The change in tax rate has been in place for a month, but for a handful of local businesses, changing the rate has been a mixed result. Ken Campbell, Ardmore City Clerk, said he has received some phone calls about some vendors being slow to change their sales tax rate to 9 percent.

"One citizen said he had been to two businesses and one charged 9 percent and the other 8.5 percent," Campbell said. "Normally, there is enough talk about it between businesses that they don't wait too long."

If a business fails to charge the new tax rate, it is still responsible to pay it, which takes profit away from the business.

Prior to the tax going into effect on April 1, businesses received letters from the Oklahoma Tax Commission informing them of when the rate change would occur.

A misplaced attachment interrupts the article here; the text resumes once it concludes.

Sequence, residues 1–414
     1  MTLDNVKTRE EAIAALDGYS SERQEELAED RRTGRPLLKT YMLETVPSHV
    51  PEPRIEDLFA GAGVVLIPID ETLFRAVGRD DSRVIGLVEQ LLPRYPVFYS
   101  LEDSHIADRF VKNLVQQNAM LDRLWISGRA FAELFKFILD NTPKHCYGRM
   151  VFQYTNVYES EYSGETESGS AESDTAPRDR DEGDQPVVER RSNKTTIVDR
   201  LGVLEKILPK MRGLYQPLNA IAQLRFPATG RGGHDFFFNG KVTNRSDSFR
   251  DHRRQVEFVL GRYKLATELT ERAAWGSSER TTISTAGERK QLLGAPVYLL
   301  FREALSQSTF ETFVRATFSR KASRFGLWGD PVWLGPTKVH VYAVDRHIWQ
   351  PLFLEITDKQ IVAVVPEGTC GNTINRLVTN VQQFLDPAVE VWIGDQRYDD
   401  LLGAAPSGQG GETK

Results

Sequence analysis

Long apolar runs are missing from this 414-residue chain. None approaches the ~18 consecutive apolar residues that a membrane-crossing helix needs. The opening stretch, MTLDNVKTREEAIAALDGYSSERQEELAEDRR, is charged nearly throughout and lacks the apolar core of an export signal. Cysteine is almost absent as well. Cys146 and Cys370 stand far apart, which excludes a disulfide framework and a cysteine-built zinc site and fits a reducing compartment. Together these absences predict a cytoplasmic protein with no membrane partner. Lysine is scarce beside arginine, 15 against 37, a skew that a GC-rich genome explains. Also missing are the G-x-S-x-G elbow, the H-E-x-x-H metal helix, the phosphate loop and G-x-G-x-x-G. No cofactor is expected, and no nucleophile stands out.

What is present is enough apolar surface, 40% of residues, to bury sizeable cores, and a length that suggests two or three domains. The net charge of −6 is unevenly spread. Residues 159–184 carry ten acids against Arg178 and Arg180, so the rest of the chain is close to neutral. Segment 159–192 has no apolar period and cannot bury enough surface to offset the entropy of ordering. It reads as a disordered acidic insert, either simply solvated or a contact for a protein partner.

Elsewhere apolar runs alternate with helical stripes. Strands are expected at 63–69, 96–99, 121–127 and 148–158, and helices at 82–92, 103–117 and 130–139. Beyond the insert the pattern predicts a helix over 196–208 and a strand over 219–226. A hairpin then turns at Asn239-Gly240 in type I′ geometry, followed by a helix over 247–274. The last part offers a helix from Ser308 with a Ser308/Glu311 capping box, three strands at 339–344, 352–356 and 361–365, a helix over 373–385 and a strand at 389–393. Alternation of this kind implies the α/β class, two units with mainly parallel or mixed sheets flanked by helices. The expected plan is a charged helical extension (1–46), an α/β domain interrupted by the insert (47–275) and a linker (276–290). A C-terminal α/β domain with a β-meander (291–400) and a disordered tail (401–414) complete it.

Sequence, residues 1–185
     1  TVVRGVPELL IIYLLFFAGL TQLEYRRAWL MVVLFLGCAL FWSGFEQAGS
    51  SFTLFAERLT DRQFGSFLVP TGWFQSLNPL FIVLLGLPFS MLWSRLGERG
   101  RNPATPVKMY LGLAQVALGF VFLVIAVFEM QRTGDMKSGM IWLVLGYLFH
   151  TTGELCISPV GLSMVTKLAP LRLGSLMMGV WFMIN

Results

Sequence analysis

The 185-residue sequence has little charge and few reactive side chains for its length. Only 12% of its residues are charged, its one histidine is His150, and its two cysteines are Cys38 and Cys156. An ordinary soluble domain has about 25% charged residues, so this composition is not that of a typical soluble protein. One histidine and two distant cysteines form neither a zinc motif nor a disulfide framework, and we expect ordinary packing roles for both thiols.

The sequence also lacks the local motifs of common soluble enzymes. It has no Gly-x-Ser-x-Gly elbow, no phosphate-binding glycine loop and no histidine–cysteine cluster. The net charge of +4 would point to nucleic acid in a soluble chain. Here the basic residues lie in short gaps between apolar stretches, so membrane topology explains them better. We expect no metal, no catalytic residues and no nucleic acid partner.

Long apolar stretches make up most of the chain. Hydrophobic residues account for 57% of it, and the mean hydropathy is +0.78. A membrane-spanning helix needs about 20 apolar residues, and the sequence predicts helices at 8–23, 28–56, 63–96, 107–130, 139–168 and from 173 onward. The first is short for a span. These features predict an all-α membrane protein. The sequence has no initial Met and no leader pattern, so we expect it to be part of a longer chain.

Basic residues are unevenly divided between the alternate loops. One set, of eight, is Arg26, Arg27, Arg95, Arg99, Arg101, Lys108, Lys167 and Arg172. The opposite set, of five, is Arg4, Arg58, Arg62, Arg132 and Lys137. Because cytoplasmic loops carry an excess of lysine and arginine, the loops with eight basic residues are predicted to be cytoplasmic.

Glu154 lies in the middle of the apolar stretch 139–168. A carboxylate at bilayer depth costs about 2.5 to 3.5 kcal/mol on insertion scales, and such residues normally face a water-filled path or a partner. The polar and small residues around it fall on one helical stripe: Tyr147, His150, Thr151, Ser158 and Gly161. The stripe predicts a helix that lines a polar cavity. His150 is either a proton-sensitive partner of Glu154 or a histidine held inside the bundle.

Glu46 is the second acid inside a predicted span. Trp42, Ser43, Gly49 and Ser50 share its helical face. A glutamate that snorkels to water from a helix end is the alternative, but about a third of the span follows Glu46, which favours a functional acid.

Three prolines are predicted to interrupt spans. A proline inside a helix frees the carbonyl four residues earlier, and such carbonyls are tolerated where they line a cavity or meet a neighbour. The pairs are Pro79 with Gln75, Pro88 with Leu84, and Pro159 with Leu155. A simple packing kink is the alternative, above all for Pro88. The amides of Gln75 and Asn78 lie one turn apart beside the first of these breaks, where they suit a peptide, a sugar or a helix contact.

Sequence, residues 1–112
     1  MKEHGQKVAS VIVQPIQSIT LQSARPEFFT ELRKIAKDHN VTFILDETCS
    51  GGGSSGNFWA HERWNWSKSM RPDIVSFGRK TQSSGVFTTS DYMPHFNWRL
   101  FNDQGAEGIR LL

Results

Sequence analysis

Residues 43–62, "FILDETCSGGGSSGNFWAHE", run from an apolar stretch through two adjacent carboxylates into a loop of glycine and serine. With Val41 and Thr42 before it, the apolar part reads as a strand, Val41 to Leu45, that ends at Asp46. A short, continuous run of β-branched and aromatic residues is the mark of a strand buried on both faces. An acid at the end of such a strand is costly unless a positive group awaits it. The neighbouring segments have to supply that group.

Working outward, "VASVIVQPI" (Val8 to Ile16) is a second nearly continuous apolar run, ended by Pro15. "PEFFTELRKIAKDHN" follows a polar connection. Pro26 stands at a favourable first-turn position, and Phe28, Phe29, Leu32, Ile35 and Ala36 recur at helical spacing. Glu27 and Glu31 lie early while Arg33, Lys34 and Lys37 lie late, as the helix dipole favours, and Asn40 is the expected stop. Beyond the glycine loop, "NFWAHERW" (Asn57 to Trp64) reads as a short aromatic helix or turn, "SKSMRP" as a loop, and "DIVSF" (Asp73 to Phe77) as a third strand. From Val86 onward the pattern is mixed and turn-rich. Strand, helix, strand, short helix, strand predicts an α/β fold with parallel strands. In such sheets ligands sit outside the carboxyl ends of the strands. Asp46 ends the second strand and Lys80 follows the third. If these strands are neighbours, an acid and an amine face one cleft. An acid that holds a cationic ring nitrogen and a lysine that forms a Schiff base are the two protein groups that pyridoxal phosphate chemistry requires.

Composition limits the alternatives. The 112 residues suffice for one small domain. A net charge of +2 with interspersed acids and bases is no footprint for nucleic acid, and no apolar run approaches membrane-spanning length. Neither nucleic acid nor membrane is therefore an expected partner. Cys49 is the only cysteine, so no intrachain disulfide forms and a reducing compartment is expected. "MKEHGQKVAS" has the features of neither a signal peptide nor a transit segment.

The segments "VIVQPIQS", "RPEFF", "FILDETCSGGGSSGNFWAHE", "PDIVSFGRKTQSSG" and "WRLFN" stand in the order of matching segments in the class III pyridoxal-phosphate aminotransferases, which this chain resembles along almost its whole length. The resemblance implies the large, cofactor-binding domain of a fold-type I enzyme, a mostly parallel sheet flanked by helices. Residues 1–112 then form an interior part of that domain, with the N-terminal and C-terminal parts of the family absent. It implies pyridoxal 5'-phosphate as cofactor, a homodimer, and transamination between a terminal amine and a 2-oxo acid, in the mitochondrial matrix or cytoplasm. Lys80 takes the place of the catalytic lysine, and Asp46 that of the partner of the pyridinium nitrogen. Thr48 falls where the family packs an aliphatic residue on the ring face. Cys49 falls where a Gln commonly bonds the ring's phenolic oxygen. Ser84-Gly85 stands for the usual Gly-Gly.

"A tax rate change only begins on the first day of a new quarter," Campbell said. "Those dates are Jan. 1, April 1, July 1 and Oct. 1. The Oklahoma Tax Commission must have 60 days before it can start collecting taxes. The commission also sends a letter to the tax collector. This time, we did have some people call. I don't know if they didn't get their letter or we had some forget."

The tax rate increase was felt throughout Carter County. Two county sales tax questions were approved. One was a ¼-cent sales tax for schools and the other was a ¼-cent sales tax for county roads. A ½-cent sales tax was approved for the City of Ardmore but will not go into effect until the current one expires on September 30.

At that time, a 1/4-cent sales tax that funds the Ardmore Development Authority will expire, dropping the tax rate to 8.75 percent unless it is renewed.

Although the two sales taxes have been on the books since April 1, those monies will not be received by the entities for more than two months. Campbell said the taxes should be collected by the state for the month of April by May 15. The revenue must then be sent back to the receiving entity.

"Normally, we get it around the 10th of the month so it is about a month later after the state receives the taxes," Campbell said.